Filamentary Keratitis

Highland Ophthalmology

Mary Davidian, MD, is a cornea specialist and medical director at Highland Ophthalmology Associates in New Windsor, NY. DR. Davidian completed her residency at the New York Eye and Ear Infirmary and a cornea fellowship at UC Irvine. She is an active participant of multiple ophthalmology societies. She is a consultant and speaker for BIO‑TISSUE® and can be reached at (845) 562-0138.



Filamentary keratitis is a chronic corneal condition characterized by multiple filaments attached to areas of compromised corneal epithelium. The filaments can be quite extensive and may enmesh calcareous granules, bacteria, and dust particles. Blinking lids pull on the loose ends of the filaments, stimulating the pain-sensitive corneal nerves and creating multiple epithelial defects. Patients often experience foreign body sensation, discomfort, photophobia, pain, and blurry vision. Filamentary keratitis most often accompanies dry eye syndrome and patients may also have underlying systemic conditions, particularly connective tissue disorders. Cryopreserved amniotic membrane contains anti-inflammatory mediators and complex arrays of growth factors and cytokines, which help regenerate a healthy corneal epithelium and may reduce recurrence.


  • Symptoms: Ocular discomfort, foreign body sensation, pain, photophobia, and blurred vision.
  • Examination:
    Tadpole-shaped mucus filaments adhering to the corneal surface, with the tails floating freely within the tear film
  • Rose bengal dye makes the filaments more readily visible on biomicroscopy
  • Reduced tear break-up time and punctate epithelial keratopathy

Treatment Strategy

  • Treat ocular surface inflammation (nonpreserved steroids)
  • Treat associated dry eye (artificial tears/punctal occlusion)
  • Restore corneal integrity (PROKERA®)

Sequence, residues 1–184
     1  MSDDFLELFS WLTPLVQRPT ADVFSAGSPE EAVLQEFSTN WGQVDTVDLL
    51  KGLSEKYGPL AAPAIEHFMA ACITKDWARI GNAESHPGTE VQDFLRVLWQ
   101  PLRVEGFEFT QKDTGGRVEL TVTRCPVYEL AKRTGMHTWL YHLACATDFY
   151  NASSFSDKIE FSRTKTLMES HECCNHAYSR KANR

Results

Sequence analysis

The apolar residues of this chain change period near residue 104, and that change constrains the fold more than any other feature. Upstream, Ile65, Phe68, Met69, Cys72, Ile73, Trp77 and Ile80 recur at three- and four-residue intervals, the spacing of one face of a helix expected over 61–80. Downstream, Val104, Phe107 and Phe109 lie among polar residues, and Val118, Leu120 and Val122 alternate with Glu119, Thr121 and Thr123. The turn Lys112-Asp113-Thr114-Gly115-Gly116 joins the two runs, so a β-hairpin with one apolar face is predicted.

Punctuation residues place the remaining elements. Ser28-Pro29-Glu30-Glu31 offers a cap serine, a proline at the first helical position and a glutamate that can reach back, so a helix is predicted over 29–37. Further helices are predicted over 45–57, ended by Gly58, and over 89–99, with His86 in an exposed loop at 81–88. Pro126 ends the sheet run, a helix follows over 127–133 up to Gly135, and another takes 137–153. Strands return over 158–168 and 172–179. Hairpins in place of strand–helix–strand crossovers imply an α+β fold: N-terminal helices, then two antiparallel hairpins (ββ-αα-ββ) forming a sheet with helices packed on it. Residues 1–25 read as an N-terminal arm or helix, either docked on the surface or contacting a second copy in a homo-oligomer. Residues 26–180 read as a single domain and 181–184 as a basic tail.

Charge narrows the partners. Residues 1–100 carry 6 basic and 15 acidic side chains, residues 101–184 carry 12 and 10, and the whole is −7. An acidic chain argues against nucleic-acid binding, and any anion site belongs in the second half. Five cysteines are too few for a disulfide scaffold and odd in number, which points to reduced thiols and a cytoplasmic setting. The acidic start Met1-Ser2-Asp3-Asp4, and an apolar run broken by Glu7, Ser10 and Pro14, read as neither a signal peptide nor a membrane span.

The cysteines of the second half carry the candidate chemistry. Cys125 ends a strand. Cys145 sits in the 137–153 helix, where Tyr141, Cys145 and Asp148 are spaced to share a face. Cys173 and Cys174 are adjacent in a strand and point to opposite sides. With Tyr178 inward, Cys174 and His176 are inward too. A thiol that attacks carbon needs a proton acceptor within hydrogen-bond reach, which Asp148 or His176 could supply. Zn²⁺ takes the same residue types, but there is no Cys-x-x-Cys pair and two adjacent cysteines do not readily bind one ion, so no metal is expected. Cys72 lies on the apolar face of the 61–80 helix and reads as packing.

• Prophylactic antibiotics if necessary

Case Study

  • A 68-year-old female presented with acute ocular pain, photophobia, and blurred vision (20/70) for 3 days. She had a history of similar repeated attacks as well as dry eye (treated with artificial tears and punctal plugs).
  • Diagnosis of filamentary keratitis was confirmed based on the clinical findings of positively stained mucus strands attached to the cornea (Fig. A, C)
  • Numerous treatment regimens were implemented, including non-preserved artificial tears, lubricating ointment, and topical steroids for 2 months without success
  • Without debridement, PROKERA® was placed for 3 days. Her symptoms were completely relieved, filaments disappeared, and the cornea became clear (Fig. B, D). Her vision improved to 20/40.


Filamentary keratitis is a recurrent and incapacitating condition that may prove difficult to manage. PROKERA® effectively treated the above patient and restored a healthy corneal epithelium.

Bonini S, Rama P, Olzi D, Lambiase A. Neurotrophic keratitis. Eye (Lond). 2003;17(8):989-995.
Touhami A, Grueterich M, Tseng SC. The role of NGF signaling in human limbal epithelium expanded by amniotic membrane culture. Invest Ophthalmol Vis Sci. 2002;43(4):987-994.
Pachigolla G, Prasher P, Di Pascuale MA, et al. Evaluation of the role of ProKera in the management of ocular surface and orbital disorders. Eye Contact Lens. 2009;35(4):172-175.
Kent HD, Cohen EJ, Laibson PR, Arentsen JJ. Microbial keratitis and corneal ulceration associated with therapeutic soft contact lenses. CLAO J. 1990;(16):49-52.
Sheha H, Liang L, Li J, Tseng SC. Sutureless amniotic membrane transplantation for severe bacterial keratitis: Cornea. 2009;28(10):1118-1123.
Tseng SC. A practical treatment algorithm for managing ocular surface and tear disorders. Cornea. 2011;30(suppl 1):S8-S14.
Chotikavanich S, de Paiva CS, Li de Q, et al. Production and activity of matrix metalloproteinase-9 on the ocular surface increase in dysfunctional tear syndrome. Invest Ophthalmol Vis Sci. 2009;50(7):3203-3209.
Reidy JJ, Paulus MP, Gona S. Recurrent erosions of the cornea: epidemiology and treatment. Cornea. 2000;19(6):767-771.
Chen YT, Huang CW, Huang FC, et al. The cleavage plane of corneal epithelial adhesion complex in traumatic recurrent corneal erosion. Mol Vis. 2006;12:196-204.
Fini ME, Cook JR, Mohan R. Proteolytic mechanisms in corneal ulceration and repair. Arch Dermatol Res. 1998;290(suppl):S12-23.
Heiligenhaus A, Li HF, Yang Y, et al. Transplantation of amniotic membrane in murine herpes stromal keratitis modulates matrix metalloproteinases in the cornea. Invest Ophthalmol Vis Sci. 2005;46(11):4079-4085.
Narayanan R, Gaster RN, Kenney MC. Pseudophakic corneal edema: a review of mechanisms and treatments. Cornea. 2006;25(9):993-1004.
Lee HK, Kim JK, Kim EK, et al. Phototherapeutic keratectomy with amniotic membrane for severe subepithelial fibrosis following excimer laser refractive surgery. J Cataract Refract Surg. 2003;29(7):1430-1435.